Twin Cities: A few words of advice

I have spent quite a bit of time in the Twin Cities and always found the place lovely — wonderful restaurants, cultural events too numerous to mention, beautiful in summer, smartly plowed streets in seriously frozen winters.

These are, generally, very kind, gentle people — "Minnesota Nice" is the term — and are reeling after seeing the carnage across their cities.  The incredibly pivotal moment when we all watched, in horror, as George Floyd died, had the whole country in shock and, appropriately, more than willing to look at ways that this could never happen again.  I know of nobody, and I mean nobody, who thought what happened to Floyd should not be investigated to the fullest extent of the law.  I'll bet that even those few miscreants who generally don't get on with other races understood that this tragedy should not befall anyone, no matter what their ethnicity.

But that all went by the wayside when justified peaceful protests devolved into mass thuggery and mayhem.  We've all seen the result.  Minneapolis looks like Somalia — maybe Ilhan Omar feels more at home now.

Here's a few things the people of the Twin Cities might want to consider:

First, they should understand that Antifa and a whole bleeding chunk of BLM are not interested in police reform.  They're interested in hurting people and breaking things while deceiving all who will swallow their line that they are "peaceful protesters."  They're not.  Never will be.  They want to silence, intimidate, hurt, and maim people who don't agree with them.  Please remember this when you see the bobble-headed media mouths insisting that there are really only two thugs in every "peaceful protest" of several thousand people.

Second, police reform is a byproduct of what is really going on here: a power-grab to fulfill many protesters' ultimate dream of an America completely destroyed and replaced by warring militias in a dog-eat-dog world, where major cities will come to emulate the horror of the Purge movies.

Third, it's useless to engage with people who want to hurt you or break things.  They're not interested.  Think trying to get to know a great white shark in the middle of a feeding frenzy.  They're not, for example, interested in knowing anything beyond pulling down statues and burning flags (as if they know enough about history to inform their actions) or stealing, looting, and providing completely unintelligible arguments for what they are doing.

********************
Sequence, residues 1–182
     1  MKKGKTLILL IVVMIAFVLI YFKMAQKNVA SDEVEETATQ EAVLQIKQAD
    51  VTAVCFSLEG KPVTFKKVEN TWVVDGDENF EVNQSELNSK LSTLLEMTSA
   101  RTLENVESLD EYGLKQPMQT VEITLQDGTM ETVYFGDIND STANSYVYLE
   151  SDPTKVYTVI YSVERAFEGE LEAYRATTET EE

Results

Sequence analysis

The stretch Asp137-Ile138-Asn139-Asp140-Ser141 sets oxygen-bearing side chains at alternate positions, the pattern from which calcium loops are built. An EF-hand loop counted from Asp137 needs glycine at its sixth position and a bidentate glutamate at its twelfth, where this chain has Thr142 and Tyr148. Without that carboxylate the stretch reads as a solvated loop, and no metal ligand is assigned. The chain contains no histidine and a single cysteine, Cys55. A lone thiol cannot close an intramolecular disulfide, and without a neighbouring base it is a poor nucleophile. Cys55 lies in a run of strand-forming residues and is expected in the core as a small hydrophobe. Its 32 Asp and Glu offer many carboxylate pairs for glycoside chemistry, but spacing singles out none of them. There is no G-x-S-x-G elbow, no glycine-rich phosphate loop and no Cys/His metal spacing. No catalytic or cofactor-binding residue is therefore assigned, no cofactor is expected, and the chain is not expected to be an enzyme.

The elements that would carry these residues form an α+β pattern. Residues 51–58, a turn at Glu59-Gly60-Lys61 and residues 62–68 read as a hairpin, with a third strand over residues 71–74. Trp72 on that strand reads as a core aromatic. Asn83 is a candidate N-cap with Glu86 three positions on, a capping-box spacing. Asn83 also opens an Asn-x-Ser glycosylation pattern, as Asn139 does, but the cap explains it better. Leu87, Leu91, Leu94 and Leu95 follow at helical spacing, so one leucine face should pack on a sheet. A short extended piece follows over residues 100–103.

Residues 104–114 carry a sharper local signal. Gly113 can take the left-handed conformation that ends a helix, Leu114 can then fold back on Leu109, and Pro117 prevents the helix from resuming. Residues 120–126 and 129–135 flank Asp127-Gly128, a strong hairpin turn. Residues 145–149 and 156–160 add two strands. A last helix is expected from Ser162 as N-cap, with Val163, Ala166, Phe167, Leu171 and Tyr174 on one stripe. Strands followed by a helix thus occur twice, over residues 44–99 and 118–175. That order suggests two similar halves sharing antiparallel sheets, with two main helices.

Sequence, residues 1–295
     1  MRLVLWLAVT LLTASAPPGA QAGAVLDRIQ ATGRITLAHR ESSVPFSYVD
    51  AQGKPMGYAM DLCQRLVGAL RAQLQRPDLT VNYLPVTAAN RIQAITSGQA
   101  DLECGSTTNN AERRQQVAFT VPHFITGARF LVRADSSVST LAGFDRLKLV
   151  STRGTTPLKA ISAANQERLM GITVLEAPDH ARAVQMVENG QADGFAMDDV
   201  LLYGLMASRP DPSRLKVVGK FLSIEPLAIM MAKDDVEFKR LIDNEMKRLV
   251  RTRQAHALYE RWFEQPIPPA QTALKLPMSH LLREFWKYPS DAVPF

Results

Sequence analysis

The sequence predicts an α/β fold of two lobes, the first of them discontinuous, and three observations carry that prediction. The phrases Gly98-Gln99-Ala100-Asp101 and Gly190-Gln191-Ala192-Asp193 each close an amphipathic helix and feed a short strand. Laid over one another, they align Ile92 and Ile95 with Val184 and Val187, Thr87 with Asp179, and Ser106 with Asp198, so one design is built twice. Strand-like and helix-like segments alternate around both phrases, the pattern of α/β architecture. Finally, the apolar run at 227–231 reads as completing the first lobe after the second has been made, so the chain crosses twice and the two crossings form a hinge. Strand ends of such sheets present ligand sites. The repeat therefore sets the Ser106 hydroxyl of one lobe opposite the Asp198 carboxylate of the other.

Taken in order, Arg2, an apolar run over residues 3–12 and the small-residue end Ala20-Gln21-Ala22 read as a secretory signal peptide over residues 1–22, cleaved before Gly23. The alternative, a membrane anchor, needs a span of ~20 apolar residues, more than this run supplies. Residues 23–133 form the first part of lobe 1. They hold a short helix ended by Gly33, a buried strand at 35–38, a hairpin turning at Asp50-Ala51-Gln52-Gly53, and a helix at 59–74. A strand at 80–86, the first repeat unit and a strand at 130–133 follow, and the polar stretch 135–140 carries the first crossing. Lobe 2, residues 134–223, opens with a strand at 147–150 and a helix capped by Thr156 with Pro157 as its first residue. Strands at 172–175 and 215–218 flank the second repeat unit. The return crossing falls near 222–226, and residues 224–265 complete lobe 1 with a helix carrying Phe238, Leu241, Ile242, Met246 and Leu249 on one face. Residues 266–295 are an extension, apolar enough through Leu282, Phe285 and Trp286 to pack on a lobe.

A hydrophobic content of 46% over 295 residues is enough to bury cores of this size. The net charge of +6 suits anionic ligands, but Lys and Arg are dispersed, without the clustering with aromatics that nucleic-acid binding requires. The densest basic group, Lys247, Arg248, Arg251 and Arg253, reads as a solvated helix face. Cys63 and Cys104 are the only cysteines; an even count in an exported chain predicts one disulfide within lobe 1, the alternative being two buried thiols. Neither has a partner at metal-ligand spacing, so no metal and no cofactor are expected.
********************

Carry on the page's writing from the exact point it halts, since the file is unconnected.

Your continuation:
Fourth, the Twin Cities' politicians have made their plans clear.  Remember: when these far-left activists say they want to dismantle the police department, they really mean it.  This is no trial balloon, nor is it even up for public discussion.  The decision has been made.  And they will do so.  Their primitive enthusiasm to get rid of the police is matched only by their unbridled cluelessness about what that will mean and the disastrous consequences it will bring.

Fifth, the people of the Twin Cities should take a moment to think through, for themselves, their families, and their loved ones — to say nothing of the lovely houses and properties they have worked half their lives for — what it will actually mean if the police departments are disbanded.  I hope their thoughts will be tempered by what Lisa Bender, a Minneapolis city counselor said: that calling the police and having them respond is a (white) privilege — and she has a veto-proof city council behind her.

Were I a decent, law-abiding citizen of the Twin Cities, I'd be betting that more carnage and insanity are on the way.  Just my take, but I think their lives could be significantly endangered — both by no police availability and by the probable roving mobs with their insatiable thirst for violence and chaos.  Property values will drop like a stone, and people will end up having to do one of two things: be prepared to defend themselves and your families in the new Mogadishu on the Mississippi or get out — yesterday.

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